[What MoodleNet instance you’re using, and the versions of each relevant app or component, including your OS and browser.]

Additional Information

[Any additional information, configuration or data that might be necessary to reproduce the issue.]


Contributing

A common misconception about contributing to free and open source projects is that you need to contribute code. In fact, it’s often the other parts of a project that are most overlooked. You’ll do the project a huge favour by offering to pitch in with these types of contributions!

Even if you like to write code, other types of contributions are a great way to get involved with a project and meet other community members. Building those relationships may open up unexpected opportunities.

Do you like to design? 🎨

  • Restructure layouts to improve the project's usability
  • Conduct user research to reorganise and refine the project's navigation or menus
  • Create art for icons and app screens

Do you like to write? 🖉

  • Write and improve the project's documentation
  • Write tutorials for the project
  • Curate a wiki page of examples showing how the project can be used

Do you like organising? 📥

  • Link to duplicate issues, and suggest new issue labels, to keep things organised
  • Go through open issues and suggest revisiting or closing old ones
  • Ask clarifying questions on recently opened issues to move the discussion forward

Do you like helping people? 🙋‍♀️

  • Answer questions about the project on forums and other sites
  • Answer questions for people on open issues

Do you like helping others code? 👐

  • Review code on other people’s submissions
  • Write tutorials for how a project can be used
  • Offer to mentor another contributor

Do you like to code? 🔩

  • Find an open issue to tackle
  • Offer to help write a new feature
  • Improve tooling, testing & deployment options
  • Read the **next section for guidelines**

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Contributing Code

Unsure where to begin contributing? You can start by looking through issues tagged with:

  • first-timers-only
    - issues which should only require a few lines of code, and a test or two.
  • help-wanted
    - issues which should be a bit more involved than
    first-timers-only
    issues.

Modularity

MoodleNet is a large project that is intentionally very modular — it will be made up of many components in many repositories. When you initially consider contributing, you might be unsure about which of those repositories should implement the functionality you want to add or improve - the project maintainers can help with that.

Local development

MoodleNet and all packages can be developed locally. For instructions on how to do this, please see the documentation (TBD).

Coding & git practices

  • We use GitLab’s merge requests as our code review tool
  • We encourage any dev to comment on merge requests and we think of the merge request not as a “please approve my code” but as a space for co-developing.
  • We develop features on separate branches identified by issue numbers.
  • We use merge to
    develop
    (not rebase) so that commits related to an issue can be retroactively explored.
  • We don’t currently use release branches or tags because we don’t have release management at this phase of development.

How to make changes

  • Make your changes on a seperate branch which includes an issue number e.g.
    1234-some-new-feature
    where 1234 is the issue number where the feature is documented. Make sure the branch is based on
    develop
    .
  • Do not commit changes to files that are irrelevant to your feature or bugfix.
  • Use commit messages descriptive of your changes.
  • Push to the upstream of your new branch.
  • Create a merge request at GitLab.

Git commit messages

  • Limit the first line to 72 characters or less, referencing relevant issue numbers
  • Be as descriptive as you want after the first line
  • Consider starting the commit message with an applicable emoji (see Issue & Commit Categories below)

Merge requests

  • Follow the code styleguides (TBD).
  • Document new code based on the documentation styleguide (TBD)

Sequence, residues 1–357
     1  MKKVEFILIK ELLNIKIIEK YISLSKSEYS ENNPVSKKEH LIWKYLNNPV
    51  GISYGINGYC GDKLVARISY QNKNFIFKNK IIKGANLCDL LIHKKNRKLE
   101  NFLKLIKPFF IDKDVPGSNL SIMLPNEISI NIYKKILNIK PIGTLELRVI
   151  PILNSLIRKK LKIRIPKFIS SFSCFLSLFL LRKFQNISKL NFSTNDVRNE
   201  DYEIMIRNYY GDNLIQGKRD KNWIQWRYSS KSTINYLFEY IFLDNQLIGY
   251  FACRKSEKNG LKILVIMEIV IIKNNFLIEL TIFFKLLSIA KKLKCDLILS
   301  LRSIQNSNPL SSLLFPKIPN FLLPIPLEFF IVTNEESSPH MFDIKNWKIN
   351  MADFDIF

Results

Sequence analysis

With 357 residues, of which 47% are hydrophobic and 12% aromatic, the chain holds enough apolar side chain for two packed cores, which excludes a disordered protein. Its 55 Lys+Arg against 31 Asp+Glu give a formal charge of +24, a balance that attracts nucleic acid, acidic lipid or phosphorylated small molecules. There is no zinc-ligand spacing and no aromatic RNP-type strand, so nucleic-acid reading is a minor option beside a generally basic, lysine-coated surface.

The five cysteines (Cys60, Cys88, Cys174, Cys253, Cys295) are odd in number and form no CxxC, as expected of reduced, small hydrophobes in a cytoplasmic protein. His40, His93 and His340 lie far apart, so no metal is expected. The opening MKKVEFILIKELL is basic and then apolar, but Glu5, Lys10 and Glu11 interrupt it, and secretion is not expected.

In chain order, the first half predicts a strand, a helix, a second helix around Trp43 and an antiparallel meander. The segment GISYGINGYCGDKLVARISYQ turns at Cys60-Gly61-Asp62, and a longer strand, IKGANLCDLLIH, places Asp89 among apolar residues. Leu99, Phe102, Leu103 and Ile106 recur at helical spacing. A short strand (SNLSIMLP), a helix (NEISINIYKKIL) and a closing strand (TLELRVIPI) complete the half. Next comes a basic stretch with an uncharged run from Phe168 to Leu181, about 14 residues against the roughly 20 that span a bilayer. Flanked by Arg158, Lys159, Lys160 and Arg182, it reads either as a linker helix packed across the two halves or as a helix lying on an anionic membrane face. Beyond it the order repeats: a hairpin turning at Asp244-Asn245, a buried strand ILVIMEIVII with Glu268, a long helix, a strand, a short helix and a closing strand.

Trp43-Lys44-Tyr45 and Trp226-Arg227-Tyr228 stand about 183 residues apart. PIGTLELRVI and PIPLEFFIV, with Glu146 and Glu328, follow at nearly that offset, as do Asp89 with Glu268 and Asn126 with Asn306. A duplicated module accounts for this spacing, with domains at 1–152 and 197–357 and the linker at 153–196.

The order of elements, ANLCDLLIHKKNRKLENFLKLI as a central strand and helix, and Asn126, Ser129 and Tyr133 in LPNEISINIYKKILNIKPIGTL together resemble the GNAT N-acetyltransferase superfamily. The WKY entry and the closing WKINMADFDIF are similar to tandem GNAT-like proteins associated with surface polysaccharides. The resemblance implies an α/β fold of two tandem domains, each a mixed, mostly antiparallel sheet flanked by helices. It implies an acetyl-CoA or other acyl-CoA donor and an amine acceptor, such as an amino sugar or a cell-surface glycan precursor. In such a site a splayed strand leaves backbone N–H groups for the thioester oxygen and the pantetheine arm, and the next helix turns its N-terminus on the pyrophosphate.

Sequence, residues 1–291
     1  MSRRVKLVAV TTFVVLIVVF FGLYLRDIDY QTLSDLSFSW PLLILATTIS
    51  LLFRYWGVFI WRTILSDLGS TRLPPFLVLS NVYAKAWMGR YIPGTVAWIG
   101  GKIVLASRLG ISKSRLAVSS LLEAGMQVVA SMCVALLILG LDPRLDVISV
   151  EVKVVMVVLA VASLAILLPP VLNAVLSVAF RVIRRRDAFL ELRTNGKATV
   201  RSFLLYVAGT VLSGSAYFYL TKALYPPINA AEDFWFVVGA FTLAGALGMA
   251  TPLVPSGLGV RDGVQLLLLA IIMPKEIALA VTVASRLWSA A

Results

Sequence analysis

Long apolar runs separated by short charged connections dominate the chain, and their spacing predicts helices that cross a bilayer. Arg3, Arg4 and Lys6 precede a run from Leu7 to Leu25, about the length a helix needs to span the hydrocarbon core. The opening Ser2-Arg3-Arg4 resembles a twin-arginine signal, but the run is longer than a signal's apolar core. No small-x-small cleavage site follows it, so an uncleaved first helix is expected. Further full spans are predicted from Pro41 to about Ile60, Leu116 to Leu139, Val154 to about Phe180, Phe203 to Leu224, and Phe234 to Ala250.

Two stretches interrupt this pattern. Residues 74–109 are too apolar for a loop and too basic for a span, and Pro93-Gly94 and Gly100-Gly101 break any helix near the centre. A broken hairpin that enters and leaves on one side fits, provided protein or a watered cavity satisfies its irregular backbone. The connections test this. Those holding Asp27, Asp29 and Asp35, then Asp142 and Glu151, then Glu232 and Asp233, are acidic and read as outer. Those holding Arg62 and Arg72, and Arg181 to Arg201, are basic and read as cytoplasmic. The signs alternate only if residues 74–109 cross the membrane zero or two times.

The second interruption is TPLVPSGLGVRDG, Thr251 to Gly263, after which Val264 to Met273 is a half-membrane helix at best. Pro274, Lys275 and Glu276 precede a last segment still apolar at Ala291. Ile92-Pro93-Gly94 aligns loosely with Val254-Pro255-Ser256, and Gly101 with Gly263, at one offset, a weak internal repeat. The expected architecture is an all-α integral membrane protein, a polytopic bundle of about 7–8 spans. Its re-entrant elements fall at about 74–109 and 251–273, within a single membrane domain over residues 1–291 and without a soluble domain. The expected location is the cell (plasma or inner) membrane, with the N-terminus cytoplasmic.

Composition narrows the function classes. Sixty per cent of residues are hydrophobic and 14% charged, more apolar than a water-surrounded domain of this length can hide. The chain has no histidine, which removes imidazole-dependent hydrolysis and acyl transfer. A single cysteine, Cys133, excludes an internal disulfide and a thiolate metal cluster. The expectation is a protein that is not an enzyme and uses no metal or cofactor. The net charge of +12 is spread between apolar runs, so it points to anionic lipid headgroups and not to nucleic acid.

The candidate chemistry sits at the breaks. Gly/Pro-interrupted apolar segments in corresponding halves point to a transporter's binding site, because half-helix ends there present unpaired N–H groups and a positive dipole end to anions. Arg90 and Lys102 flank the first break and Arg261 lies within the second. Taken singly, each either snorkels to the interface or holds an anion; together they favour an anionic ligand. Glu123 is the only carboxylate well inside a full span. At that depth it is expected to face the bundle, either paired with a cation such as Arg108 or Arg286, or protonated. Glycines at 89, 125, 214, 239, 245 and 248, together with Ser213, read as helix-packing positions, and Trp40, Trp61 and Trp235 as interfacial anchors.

• Each merge request should implement ONE feature or bugfix. If you want to add or fix more than one thing, submit more than one merge request.
  • Fill in the merge request template below
  • Include relevant issue number(s) in the merge request title
  • Include screenshots or animated GIFs in your merge request whenever possible.
  • End all files with a newline

Template for merge requests

  • Description of the change
  • Applicable issue numbers
  • Alternate designs/implementations
  • Benefits of this implementation
  • Possible drawbacks
  • Why should this be part of a core component?
  • Testing process

Issue & Commit Categories

  • 🚑 `critical` : Critical hotfix!
  • 💄 `enhancement` : General improvements.
  • ✨ `feature` : New features.
  • 🐛 `bug` : Confirmed bugs, or reports that are likely to be bugs.
  • 🙋‍♀️ `question` : Questions (e.g. how can I do X?)
  • 📮 `feedback` : General feedback.
  • 🎨 `ui` : Visual design.
  • 📜 `copy` : Text in the apps, or translations.
  • ℹ️ `documentation` : Documentation.
  • 🏇 `performance` : Performance.
  • 🔒 `security` : Security.
  • 🔌 `api` : MoodleNet's APIs.
  • 👽 `external` : External libraries or API integrations.
  • ⚠️ `exception` : Uncaught exceptions.
  • 🔥 `crash` : Crash.
  • 🔣 `encoding` : Character encoding or data serialization issue.
  • 🚚 `cleanup` : Removing, moving or refactoring code or files.
  • ✅ `tests` : Testing

Issue Status

  • 💬 `discussion` : Discussion to clarify this issue is ongoing.
  • 🔜 `todo` : This has been discussed and now needs work.
  • 🔁 `needs-more-info` : More information needs to be collected about these problems or feature requests (e.g. steps to reproduce).
  • 💡 `idea` : Needs to be discussed further. Could be a feature request which might be good to first implement as a community extension.
  • 🚧 `in-progress` : Someone is working on this...
  • 🙏 `help-wanted` : The MoodleNet core team would appreciate help from the community in resolving these issues.
  • 🌱 `first-timers-only` : Less complex issues which would be good first issues to work on for users who want to contribute.
  • 🔢 `needs-reproduction` : Likely bugs, but haven't been reliably reproduced.
  • 🔴 `blocked` : Blocked on other issues.
  • 2️⃣ `duplicate` : Duplicate of another issue, i.e. has been reported before.
  • 🙅 `wontfix` : The MoodleNet core team has decided not to fix these issues (or add these features) for now, because they're working as intended, or some other reason.
  • 🚮 `invalid` : Issues which are not valid (e.g. spam or submitted by error).

Merge Request Status

  • 🚧 `in-progress` : Still being worked on, more changes will follow.
  • 🚏 `needs-review` : Needs code review and approval from maintainers.
  • 🔍 `under-review` : Being reviewed by maintainers.
  • 🔧 `changes-required` : Needs to be updated based on review comments and then reviewed again.
  • 👀 `needs-testing` : Needs manual testing.

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Credits

The following documents have greatly helped us put this together. A big thank you to their authors and contributors!